The Duchess was an immediate attraction when Huntington opened his museum in Manhattan in 1908. But just as revealing as the art historical trophies was its ethnographic focus, with a large chronological and material range – bell-shaped “Bell Beaker” Andalusian pottery from around 2000 BC; Celtiberian metalwork and jewellery; medieval Alhambra sides – and geographical span, including some of the earliest documentation of colonial Latin America.
Giovanni Vespucci’s “World Map”, the master sea chart of 1526 given to all Spanish seafarers, detailing ships, conquests and resources, is displayed in Charles V’s ornamental version. A watercolor from 1585 depicts the recent founding of Potosí, Bolivia, and its silver mines, against a mountain background with llamas and herdsmen. A map of the river Ucayali, tributary of the Amazon, illustrating local communities along its stretch, was painted by indigenous artists working with Franciscan missionaries. Juan Juárez’s “The Castas: Mestizo and Indian Produce Coyote” (1715), an uneasy portrait of a European-American father, Mexican mother and their son, reveals subregal Spain’s obsession with bloodlines and race.
Art was a channel for propaganda—political, religious, or both—on each side of the Atlantic, and some of the greatest paintings here take their drama and passion from Counter-Reformation zeal, led by El Greco’s intensely expressive, elongated “The Penitent St. Jerome” and the pyramid of four tragic figures in his “Pietà.” Paintings such as Juan Carreño de Miranda’s frothy, rococo “The Immaculate Conception” were sent to Mexico and widely copied, spreading Catholic messages and teaching European styles .
Some enterprising painters went themselves: Sebastián López de Arteaga, who emigrated from Seville to Mexico in 1640, founded a tenebrist Baroque school in his adopted home, with violent theatrical compositions exemplified by “St Michael Striking Down the Rebellious Angels”. Shortly after painting it, Artegea himself was struck in a duel and died.
Strong and heightened, Spanish realism connects many diverse productions across centuries and continents, giving the exhibition a hypnotic consistency. The psychological conflicts between the six large, hard-line figures in Ignacio Zuloaga’s “The Family of the Gypsy Bullfighter” (1903), for example, share in a secular context the grotesquerie of Ecuadorian sculptor Caspicara’s unforgettable “Four Fates of Man” (1775), multicolored wooden, glass and metal figures of a skeleton, tortured villain in hell, and souls in prayer and peace. The Gothic chorus of haloed figures staring skyward in Miguel Alcañiz’s tempera panel “The Ascension of Christ” (1422-30) resemble ancestors of the stoic Basque sailors perched on a harbor wall beneath slanting clouds in José Gutiérrez Solana’s “Mariners of Castrodiales.” stand. ” (1915-17).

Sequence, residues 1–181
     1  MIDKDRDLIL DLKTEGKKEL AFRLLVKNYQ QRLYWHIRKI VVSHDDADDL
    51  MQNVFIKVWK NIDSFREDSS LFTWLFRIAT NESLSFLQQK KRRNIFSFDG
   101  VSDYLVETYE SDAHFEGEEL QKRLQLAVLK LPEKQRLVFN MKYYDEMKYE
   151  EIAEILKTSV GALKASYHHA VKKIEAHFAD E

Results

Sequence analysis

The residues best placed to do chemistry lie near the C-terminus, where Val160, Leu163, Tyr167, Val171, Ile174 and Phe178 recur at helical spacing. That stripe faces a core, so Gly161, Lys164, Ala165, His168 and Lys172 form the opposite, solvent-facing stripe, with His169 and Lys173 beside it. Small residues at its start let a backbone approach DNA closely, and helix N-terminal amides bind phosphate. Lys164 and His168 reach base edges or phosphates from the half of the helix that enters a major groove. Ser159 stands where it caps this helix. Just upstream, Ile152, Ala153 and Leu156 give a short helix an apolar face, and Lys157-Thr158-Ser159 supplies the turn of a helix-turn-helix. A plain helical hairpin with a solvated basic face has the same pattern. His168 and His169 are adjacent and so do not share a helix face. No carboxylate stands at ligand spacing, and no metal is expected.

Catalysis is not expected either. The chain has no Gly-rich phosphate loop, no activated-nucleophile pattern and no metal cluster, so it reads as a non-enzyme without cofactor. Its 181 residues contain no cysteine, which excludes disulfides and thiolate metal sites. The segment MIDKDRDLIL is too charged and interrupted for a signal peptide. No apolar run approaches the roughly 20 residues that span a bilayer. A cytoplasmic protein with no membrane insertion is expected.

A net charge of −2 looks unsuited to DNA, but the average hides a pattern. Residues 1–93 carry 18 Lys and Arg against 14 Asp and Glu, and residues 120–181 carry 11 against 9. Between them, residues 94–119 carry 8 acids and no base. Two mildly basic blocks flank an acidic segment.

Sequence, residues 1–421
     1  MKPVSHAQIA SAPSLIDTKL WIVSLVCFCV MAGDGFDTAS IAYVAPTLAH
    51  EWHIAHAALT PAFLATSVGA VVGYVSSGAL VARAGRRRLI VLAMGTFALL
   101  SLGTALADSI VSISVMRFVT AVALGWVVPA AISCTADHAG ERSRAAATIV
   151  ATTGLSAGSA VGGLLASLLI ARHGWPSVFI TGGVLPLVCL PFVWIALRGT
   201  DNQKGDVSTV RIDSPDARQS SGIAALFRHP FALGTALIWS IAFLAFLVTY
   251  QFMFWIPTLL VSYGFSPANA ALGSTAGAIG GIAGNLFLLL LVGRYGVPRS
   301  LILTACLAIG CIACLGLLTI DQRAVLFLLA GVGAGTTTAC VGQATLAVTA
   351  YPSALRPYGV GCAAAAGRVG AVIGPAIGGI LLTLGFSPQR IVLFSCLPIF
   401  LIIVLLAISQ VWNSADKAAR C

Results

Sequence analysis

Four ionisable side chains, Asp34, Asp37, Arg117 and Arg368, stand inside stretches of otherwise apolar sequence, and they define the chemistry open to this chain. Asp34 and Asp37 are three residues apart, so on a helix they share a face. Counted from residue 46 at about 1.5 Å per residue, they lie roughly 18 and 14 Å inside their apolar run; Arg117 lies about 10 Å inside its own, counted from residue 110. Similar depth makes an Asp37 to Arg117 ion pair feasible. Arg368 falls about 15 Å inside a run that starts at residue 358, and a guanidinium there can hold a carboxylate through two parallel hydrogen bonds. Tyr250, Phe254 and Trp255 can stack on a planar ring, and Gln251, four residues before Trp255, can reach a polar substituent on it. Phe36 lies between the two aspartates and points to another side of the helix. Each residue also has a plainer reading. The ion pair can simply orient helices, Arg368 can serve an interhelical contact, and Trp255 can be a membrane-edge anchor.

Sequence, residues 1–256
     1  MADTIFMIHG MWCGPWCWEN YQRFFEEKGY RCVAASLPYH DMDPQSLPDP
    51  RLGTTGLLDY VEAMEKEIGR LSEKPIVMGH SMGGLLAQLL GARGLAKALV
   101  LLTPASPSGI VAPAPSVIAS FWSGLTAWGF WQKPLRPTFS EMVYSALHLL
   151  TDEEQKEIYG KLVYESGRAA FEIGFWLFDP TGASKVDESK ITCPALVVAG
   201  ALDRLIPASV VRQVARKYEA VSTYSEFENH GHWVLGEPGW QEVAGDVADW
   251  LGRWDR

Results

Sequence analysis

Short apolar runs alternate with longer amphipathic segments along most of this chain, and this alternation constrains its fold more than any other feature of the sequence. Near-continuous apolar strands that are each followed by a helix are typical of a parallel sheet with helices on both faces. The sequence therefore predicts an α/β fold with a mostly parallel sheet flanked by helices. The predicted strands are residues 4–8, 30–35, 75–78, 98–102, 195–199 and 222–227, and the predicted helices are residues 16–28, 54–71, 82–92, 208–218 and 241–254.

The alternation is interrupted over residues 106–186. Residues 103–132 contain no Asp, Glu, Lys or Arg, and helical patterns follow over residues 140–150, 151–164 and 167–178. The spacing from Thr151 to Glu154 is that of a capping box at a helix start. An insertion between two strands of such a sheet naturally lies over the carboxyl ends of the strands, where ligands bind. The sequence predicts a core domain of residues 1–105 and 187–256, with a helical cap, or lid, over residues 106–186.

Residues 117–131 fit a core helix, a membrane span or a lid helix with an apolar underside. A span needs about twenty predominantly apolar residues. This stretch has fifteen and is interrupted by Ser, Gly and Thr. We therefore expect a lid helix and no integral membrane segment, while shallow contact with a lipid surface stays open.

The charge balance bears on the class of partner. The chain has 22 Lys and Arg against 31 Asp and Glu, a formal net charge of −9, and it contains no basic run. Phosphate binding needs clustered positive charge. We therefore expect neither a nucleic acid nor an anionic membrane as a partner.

Absent, the elephant not in the room, is Picasso, the artist who, from his country’s brutal realist tradition, brought about a global revolution in representational painting. Huntington never touched him. Only where works brilliantly depict customs or landscapes did he even accept hints of Modernism: the abstract decorative elements, learned from Klimt, in the sumptuous embroidered costumes in Hermenegildo Camarasa’s “Girls of Burriana” (1910-11); the clipped compositions and sharp angles of Sorolla’s beach scene “Sea idyll” (1908). This and the seven-meter gouache sketch for “Vision of Spain” (1912-19), the wraparound regional panorama commissioned from Sorolla, imbue Burlington House’s final galleries in a cheerful glow.
Huntington said he likes “Vision of Spain” because it commemorates a world “on the verge of disappearing.” His collection reveals as much about 20th-century nostalgia as it does about how a nation’s history is told through its art: a dazzling double cultural portrait.
21 January – 10 April, royalacademy.org.uk